Last week, elementary and middle school officials announced that there would be no mask or testing mandates for schools this fall, and that students and staff exposed to Covid-19 should not be isolated if they have no symptoms. The guidance was similar to what the state released at the end of the 2021-22 school year, and is consistent with new guidelines from the Centers for Disease Control and Prevention. (Children confirmed to be infected with covid should be isolated for five days and masked for 10 days in other areas.)
Booster vaccinations are also delayed. Only 59 percent of fully vaccinated people in Massachusetts received a booster shot, compared to 48 percent nationally. In addition, completeness varies by age group, with 51 percent of 5-11-year-olds, 78 percent of 12- to 15-year-olds, and 73 percent of 16- to 19-year-olds being fully vaccinated.
Among the measures advocates have called for are back-to-school vaccination “holidays,” reintroduction of mask mandates in schools and all public buildings, plans and funds to continue surveillance testing during surgery, and hours or areas in schools where masks are required in workplaces and public spaces. . They also want policies that require those who test positive for Covid to be isolated for 10 days or until students or staff test negative through rapid tests. Some have argued for mandatory masks and screening at the start of the year; and new standards for ventilation and air filtration.
“Apart from this, we have other goals. [maintaining] hospital capacity,” said Jonathan Levy, professor of environmental health at Boston University School of Public Health. “It is incredibly important that our hospitals do not suffer. But we want and need other things. We are physically looking for a school with as many attendances as possible. We want our workplaces to be functional. We want to ensure that our supply chain is not disrupted.
The bakery’s management did not immediately respond to a request for comment, but the Department of Health and Human Services has coordinated more than 480 free family-friendly vaccination clinics for people 6 months and older over the summer and through September. The Department of Public Health’s mobile providers were too small to run the clinics themselves, and the state was offering mobile pop-up vaccination clinics in places like public K-12 schools and community colleges.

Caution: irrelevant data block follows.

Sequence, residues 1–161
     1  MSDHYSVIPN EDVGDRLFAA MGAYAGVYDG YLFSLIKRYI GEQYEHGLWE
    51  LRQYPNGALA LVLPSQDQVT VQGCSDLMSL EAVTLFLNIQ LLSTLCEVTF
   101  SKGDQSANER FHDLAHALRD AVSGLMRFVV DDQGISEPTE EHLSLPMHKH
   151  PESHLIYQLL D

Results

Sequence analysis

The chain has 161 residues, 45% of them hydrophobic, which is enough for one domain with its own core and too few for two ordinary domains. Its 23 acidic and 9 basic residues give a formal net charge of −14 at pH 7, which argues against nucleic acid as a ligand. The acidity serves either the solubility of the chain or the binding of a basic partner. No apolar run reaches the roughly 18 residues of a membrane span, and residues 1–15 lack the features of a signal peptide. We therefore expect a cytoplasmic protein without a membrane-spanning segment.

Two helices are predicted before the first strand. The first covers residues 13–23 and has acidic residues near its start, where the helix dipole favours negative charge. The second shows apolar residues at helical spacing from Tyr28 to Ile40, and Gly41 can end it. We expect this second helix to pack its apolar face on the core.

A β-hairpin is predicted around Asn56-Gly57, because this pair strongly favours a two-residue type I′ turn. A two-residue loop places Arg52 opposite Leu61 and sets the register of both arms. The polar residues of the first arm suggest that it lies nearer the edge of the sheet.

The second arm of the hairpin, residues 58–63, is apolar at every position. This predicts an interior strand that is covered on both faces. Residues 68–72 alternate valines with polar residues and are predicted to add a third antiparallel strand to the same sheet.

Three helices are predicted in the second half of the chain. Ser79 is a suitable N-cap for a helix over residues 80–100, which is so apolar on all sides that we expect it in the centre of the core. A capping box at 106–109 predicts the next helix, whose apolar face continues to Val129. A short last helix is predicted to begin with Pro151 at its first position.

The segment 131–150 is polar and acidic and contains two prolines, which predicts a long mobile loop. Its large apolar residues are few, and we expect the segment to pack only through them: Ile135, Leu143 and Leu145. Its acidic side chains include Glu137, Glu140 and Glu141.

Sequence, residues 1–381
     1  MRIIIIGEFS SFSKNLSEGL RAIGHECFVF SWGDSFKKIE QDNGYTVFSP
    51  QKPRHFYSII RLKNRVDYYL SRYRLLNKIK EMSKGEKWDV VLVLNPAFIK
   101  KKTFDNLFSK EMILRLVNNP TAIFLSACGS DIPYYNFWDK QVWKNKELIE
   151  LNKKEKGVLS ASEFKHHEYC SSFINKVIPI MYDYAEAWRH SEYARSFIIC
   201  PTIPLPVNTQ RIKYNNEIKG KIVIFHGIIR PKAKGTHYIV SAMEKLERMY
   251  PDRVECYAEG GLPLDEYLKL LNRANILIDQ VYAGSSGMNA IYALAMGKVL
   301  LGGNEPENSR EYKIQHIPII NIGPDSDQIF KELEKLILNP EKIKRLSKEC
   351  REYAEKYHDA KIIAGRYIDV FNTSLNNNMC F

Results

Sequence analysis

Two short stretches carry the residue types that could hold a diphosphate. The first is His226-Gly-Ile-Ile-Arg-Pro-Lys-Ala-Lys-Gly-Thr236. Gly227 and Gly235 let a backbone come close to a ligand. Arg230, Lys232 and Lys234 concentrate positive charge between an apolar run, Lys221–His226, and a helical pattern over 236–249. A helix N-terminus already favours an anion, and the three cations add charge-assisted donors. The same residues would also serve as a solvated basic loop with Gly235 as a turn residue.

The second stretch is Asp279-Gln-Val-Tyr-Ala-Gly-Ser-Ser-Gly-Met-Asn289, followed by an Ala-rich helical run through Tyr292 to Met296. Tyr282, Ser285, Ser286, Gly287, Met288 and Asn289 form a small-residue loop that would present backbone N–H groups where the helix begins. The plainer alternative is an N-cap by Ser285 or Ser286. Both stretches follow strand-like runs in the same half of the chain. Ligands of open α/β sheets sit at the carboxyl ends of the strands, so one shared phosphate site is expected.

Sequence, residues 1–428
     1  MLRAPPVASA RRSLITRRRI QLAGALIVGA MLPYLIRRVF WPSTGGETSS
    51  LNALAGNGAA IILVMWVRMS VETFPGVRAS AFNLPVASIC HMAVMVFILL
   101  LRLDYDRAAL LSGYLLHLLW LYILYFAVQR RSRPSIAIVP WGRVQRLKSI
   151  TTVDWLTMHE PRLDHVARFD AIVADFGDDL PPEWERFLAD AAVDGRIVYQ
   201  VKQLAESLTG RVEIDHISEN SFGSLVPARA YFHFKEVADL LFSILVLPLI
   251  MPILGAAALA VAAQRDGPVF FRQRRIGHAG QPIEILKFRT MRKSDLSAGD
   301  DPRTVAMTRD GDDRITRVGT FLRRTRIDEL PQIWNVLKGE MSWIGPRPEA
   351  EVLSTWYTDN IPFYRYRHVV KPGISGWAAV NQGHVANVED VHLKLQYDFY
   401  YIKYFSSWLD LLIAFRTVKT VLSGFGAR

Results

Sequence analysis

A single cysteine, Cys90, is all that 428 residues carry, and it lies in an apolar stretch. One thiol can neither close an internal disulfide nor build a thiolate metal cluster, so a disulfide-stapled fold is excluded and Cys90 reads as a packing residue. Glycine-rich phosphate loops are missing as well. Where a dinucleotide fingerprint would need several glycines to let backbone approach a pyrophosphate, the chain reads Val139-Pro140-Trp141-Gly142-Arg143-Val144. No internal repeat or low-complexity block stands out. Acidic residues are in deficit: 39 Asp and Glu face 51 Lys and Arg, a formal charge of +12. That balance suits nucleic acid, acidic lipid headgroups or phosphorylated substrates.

Such approaches were insufficient for many practitioners and advocates. Julia Reifman, an assistant professor at Boston University’s School of Public Health, said hospital admissions for children increased in the Southeast when the school year began without any reduction policies.
“It’s sad to know that these kids are being hurt so much. It’s sad when kids have prolonged Covid, their parents and teachers are sick and they miss work and they’re struggling economically. All of these things we can help reduce with Covid mitigation strategies,” Reifman said.
A study posted online earlier this month, but not published in a peer-reviewed journal, found that mask prescriptions led to lower rates of Covid-19 in Boston-area schools. Researchers from The FXB Center for Health and Human Rights at the Harvard School of Public Health and the Boston Public Health Commission compared Covid rates at schools that lifted mask requirements in February to those that continued to cover up until June.. Schools that allowed students to be mask-free estimated there were 45 more cases per 1,000 students and staff, or about 12,000 cases, in the 15 weeks since the mandate was lifted.
That study, in addition to research from Boston University researchers published earlier this month at JAMA Network Open, found that the spread of Covid in classrooms was “negligible” when there were mandatory masks and vaccinations.
Advocates stress that if no action is taken, the consequences of the epidemic will continue to fall on essential workers, black and brown communities and those with health problems. Suleyka Soto, founder of Safe Families for Covid and a coordinator with the Boston Education Justice Alliance, said children in Boston’s public schools come from families of essential workers whose jobs are at risk. Many live in multigenerational households with vulnerable elderly relatives.
“It is imperative that our schools do not become sources of infection and transmission, and that racial equity provides the protections needed to protect students and families from this ongoing epidemic,” she said.
Dr. Lara Germanus, a primary care physician and educator at Harvard Medical School, pointed out the mother and daughter she saw on video tour. Germanus suspected his daughter had COVID, but his mother said there was no way the rest of the family could be isolated. They also did not live within walking distance of a testing site, did not have tests at home and spoke Portuguese, and struggled to navigate websites to find nearby testing sites.
“The tools are always accessible to black and brown communities that have been hit hardest by the epidemic,” Germanus said. “Furthermore, older people are less likely to have access to computers or to easily navigate the complex online tools you need to access vaccines, tests and treatments. This is not giving people access to the devices. This is a display of tools within easy reach of highly wired white and rich people.
Advocates for the disabled have also lamented that the lax attitude towards Covid has deprived them of public spaces. Ellen Leigh, a disability advocate and member of the Massachusetts Coalition for Health Equity, pressed for universal masking as well as distance learning options, during surgery.
“This is public health. We can do better by being realistic about planning for the future and thinking of new ways to keep us all safe,” Leigh said.